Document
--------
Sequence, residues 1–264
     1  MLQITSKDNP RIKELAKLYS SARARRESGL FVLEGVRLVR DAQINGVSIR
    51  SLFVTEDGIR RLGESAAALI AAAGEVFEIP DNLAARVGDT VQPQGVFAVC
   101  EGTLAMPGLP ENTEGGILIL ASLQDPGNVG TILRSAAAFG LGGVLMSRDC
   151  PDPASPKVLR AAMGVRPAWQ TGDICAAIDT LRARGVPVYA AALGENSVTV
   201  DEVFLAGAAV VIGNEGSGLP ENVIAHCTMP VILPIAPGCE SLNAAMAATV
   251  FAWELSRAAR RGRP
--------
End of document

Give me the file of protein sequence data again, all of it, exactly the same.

Sequence, residues 1–264
     1  MLQITSKDNP RIKELAKLYS SARARRESGL FVLEGVRLVR DAQINGVSIR
    51  SLFVTEDGIR RLGESAAALI AAAGEVFEIP DNLAARVGDT VQPQGVFAVC
   101  EGTLAMPGLP ENTEGGILIL ASLQDPGNVG TILRSAAAFG LGGVLMSRDC
   151  PDPASPKVLR AAMGVRPAWQ TGDICAAIDT LRARGVPVYA AALGENSVTV
   201  DEVFLAGAAV VIGNEGSGLP ENVIAHCTMP VILPIAPGCE SLNAAMAATV
   251  FAWELSRAAR RGRP